Background: The main purpose of this study was to examine histopathological changes seen in renal biopsies from patients with Wegener's granulomatosis (WG) with varying degrees of renal involvement and to study possible correlations between the morphological variables and the severity of the disease.
Methods: Ninety-four patients with WG and active renal disease were included in this retrospective study. All patients had a percutaneous renal biopsy taken on their first admission to the hospital and 14 patients had a second biopsy. The patients were followed for a median of 42.5 months (range 0.5-184).
Results: Segmental necrotizing glomerulonephritis and extracapillary proliferation were present in 85.1 and 91.5% respectively. Of seven patients (7.4%) with normal serum creatinine and urinary protein excretion <0.5 g/day, all had crescents and six had segmental glomerular necrosis. Serum creatinine at biopsy correlated significantly with the percentage of glomeruli with crescents (rho=0.52, P=0.0004), with necrosis (rho=0.36, P=0.002) and with the percentage of normal glomeruli (rho=-0.55, P=0.0003). On a multivariate analysis, only the percentage of normal glomeruli was significantly associated with renal function and development of end-stage renal disease. In 14 second biopsies after a mean of 41.2 (+/-26) months, chronicity scores had increased significantly in 13 biopsies in spite of full immunosuppressive treatment.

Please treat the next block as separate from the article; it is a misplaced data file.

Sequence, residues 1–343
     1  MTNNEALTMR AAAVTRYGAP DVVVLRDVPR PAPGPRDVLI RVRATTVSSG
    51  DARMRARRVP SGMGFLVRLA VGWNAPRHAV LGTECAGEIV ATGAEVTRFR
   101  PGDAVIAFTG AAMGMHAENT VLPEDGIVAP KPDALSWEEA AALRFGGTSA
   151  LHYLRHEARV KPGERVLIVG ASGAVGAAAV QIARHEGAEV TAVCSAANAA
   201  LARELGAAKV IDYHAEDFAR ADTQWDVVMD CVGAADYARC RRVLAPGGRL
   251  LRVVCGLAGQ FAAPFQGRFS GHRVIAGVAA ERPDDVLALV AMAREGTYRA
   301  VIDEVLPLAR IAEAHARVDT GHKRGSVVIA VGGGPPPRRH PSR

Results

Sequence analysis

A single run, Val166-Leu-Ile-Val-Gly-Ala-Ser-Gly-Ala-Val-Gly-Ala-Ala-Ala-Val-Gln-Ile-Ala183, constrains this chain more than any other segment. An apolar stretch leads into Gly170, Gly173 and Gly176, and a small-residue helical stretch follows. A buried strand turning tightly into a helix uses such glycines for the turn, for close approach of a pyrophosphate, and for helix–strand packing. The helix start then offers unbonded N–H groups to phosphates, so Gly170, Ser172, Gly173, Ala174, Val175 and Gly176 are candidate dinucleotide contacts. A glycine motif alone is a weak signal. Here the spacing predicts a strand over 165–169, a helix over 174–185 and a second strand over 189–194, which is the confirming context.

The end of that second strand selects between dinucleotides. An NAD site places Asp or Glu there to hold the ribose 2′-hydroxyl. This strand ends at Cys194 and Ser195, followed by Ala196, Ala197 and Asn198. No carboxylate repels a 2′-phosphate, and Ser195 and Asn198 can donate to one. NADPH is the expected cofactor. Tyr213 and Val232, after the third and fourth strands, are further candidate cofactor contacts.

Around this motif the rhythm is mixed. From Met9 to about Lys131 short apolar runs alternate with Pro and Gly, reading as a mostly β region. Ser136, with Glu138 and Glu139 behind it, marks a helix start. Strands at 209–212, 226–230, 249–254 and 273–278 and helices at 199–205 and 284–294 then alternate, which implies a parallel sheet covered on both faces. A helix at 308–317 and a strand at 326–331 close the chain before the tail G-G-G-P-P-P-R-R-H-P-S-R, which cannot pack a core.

Conclusion: Although renal biopsy is of value in defining renal involvement in WG, it is of limited help in the early stage of the disease in predicting renal outcome for the individual patient. A follow-up biopsy can be useful in revealing the degree of activity and chronicity and hence be of importance for the choice of further therapy.